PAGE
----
this mechanism is not shown and described here inbut forms the subject matter of another application. l While I have shown the plates arranged in a vertical manner, they vmay be placed horizontally. I -may alternately arrange conducting and non-conducting plates both similarly'coated with fibrous' material. This arrangement is shown in Figure 11 wherein plates 5' are insulating material and therefore are non-conducting. The conducting plates are charged with opposite potentials, the non-conducting plates placed midway between the active ones acquiring surface charges by induction. With this combination, I have found a spacing between the active plates of 11/2 inches anda potential of 17,500 volts to be very satisfactory. I have obtained excellent results by spacing the plates as herein set forth and using` the voltage specified, but I do not wish it to be understood that the figures be strictly adhered to.

Hence, it will be apparent that the mechanical details for carrying my invention into practice,

I therefore'do not want to be unduly limited in the interpretation of the appended claims.

Having thus described my invention, what I claim is:

l. An apparatus for the work described, including a plurality of metallic plates arranged in parallel relationship and directly covered with fibrous material, the fibers of which are suiiicient in number and length to trap and hold the dust particles attracted thereto from the air stream as described, means for passing a stream of air to be cleaned between said plates, means for supplying a source of D. C. current of a voltage insufficient to cause generation of objectionable gases in any appreciable `quantity in the air being cleaned and applying spaced apart so said potential difference will thoroughly electrify said fibrous material.

2. An apparatus for the work described, including a plurality of flat metallic plates arranged in parallel relationship, said plates being first covered with a relatively thin but high-resistance insulating material for the purpose described and then covered with fibrous material, the bzrs of which are suflicient in number and length to trap and hold the dust particles attracted thereto from the air stream as described, means for applying a source of AD. C. potential of the order of apit to alternate plates, said plates being proximately 10,000 volts to alternate plates, said tween said open ends, said plates being directly covered with a fibrous material, the fibers of which are suillcient in number and length to trap and hold the dust particles attracted thereto from the air stream as described, and means for applying the opposite poles of a suitablesource of direct current to alternate plates, said plates being spaced so that in combination with the potential ofthe source ofcurrent, no gases in any appreciable quantity objectionable for breathing purposes will be formed in the air passing between the plates.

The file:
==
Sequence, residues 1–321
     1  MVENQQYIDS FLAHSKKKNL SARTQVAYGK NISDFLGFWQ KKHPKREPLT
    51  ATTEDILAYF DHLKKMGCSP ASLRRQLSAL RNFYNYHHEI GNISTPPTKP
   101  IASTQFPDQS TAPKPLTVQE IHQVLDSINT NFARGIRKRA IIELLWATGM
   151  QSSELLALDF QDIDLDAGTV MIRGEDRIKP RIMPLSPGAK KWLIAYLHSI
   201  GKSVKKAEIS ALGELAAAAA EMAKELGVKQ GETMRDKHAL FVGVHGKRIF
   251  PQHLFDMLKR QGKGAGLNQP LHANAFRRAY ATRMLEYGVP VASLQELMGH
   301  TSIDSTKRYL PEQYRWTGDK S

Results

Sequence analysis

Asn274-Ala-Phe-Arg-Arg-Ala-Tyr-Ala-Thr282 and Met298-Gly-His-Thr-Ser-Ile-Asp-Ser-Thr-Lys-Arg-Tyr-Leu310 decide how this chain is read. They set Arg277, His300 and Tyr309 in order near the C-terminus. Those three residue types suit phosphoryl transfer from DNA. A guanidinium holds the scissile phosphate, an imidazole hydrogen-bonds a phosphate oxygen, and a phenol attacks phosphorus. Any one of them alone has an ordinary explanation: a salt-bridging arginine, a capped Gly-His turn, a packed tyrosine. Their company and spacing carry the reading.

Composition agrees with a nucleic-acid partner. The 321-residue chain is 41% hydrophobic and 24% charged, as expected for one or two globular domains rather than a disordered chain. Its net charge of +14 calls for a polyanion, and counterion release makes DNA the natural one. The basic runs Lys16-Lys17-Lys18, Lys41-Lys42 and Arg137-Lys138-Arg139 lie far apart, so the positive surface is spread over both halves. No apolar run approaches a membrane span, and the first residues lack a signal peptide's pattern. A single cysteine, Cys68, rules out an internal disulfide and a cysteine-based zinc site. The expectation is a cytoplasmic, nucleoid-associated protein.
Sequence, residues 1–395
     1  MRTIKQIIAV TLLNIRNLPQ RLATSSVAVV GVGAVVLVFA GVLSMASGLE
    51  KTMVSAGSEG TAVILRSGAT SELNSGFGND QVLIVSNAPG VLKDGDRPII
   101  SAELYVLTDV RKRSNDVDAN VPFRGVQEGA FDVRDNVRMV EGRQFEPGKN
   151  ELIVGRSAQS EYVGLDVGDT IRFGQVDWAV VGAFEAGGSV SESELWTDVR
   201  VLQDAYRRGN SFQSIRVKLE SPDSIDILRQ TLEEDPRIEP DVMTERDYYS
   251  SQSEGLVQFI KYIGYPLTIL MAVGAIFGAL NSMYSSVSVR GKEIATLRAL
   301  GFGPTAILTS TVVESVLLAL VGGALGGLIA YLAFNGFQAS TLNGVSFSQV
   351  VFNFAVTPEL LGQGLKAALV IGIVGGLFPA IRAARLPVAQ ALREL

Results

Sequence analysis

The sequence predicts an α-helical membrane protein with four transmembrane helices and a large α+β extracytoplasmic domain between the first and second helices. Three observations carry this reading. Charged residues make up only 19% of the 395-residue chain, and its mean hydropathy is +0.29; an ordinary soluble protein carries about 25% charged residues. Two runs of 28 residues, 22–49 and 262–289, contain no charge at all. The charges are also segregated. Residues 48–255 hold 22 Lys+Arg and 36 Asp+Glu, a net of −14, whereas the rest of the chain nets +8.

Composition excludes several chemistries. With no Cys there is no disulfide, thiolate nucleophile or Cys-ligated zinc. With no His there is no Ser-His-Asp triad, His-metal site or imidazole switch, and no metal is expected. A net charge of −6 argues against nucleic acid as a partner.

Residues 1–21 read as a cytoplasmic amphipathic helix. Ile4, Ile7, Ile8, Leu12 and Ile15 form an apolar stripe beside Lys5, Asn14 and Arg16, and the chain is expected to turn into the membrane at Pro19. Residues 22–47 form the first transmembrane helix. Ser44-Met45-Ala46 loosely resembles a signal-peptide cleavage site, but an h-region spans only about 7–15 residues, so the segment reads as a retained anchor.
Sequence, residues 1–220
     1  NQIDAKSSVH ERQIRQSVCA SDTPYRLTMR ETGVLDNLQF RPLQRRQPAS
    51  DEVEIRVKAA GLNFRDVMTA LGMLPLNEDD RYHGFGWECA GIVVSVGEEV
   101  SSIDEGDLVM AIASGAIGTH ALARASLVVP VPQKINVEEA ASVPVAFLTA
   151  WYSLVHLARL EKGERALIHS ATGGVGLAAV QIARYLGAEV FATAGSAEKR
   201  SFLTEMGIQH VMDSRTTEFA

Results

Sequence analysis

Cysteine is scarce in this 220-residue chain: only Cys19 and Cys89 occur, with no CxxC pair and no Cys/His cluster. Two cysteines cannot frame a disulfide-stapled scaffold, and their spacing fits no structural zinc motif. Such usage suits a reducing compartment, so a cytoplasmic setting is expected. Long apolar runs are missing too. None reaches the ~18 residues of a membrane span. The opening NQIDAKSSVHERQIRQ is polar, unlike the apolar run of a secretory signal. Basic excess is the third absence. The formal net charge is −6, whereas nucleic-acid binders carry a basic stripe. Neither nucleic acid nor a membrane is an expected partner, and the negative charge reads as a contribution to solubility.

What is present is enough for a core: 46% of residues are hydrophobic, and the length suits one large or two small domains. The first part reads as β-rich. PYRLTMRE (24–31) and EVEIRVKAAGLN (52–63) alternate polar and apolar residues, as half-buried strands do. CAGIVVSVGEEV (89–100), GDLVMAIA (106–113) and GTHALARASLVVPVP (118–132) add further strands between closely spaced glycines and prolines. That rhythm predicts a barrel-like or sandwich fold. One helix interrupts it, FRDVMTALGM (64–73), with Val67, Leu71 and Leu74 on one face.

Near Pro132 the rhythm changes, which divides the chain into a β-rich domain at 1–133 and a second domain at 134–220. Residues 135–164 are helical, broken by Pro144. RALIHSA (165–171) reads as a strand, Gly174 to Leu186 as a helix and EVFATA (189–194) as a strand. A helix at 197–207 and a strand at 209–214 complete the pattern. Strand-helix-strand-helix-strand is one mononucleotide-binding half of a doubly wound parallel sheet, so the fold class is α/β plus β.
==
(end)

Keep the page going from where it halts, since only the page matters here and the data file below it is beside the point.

4. A unit for an apparatus for' the work described, including; a casing with two open ends, a plurality oi metallic plates arranged in parallel relationship Within the casing and extending between said open ends, said plates being first covered with a relatively thin but high-resistance insulator and then with a material having a multitude of fibers capable of standing out and attracting particles thereto when electrified, and means for applying the opposite poles of a suitable source of direct current to alternate plates for electrifying said fibers for the purpose described, said plates being spaced so that in combination with the potential of the source of current, no gases in any appreciable quantity objectionable for breathing purposes will be formed in the air passing between the plates.

5. A unit for an apparatus for the work described, including; a casing with two open ends, a plurality of metallic plates arranged in parallel relationship within the casing and extending between said open ends, said plates being covered with at least a fibrous material having a multitude of fibers of various lengths projecting therefrom, the length being suicient to trap and hold particles attached thereto and means for applying the opposite poles of a source of direct current to alternate plates, the potential of said source being high enough at the spacing of the plates to produce electrication of said bers suicient to remove particulated matter from the gas to be cleaned, but low enough to prevent the formation of gases in` any appreciable quantity objectionable to breathing, such as ozone.

6. An apparatus for the work described comprisinga plurality of units as set forth in claim 5.

7. An apparatus for the work described as set forth in claim 5, further characterized in that the plates are socarried by the casing that the brous surfaces may be cleaned.

8. T he process of cleaning air for breathing purposes by the electro-static method which consists in passing streamlets of the particle-laden air between a series of parallel plates covered by a brous material'having the characteristic of standing out sumciently to attract and hold particles in the passing air, and electrifying the brous material to a uni-directional potential which will attract the particulated matter in the I air without generating gas, such as ozone, in any lsubstantial quantities objectionable to breathing.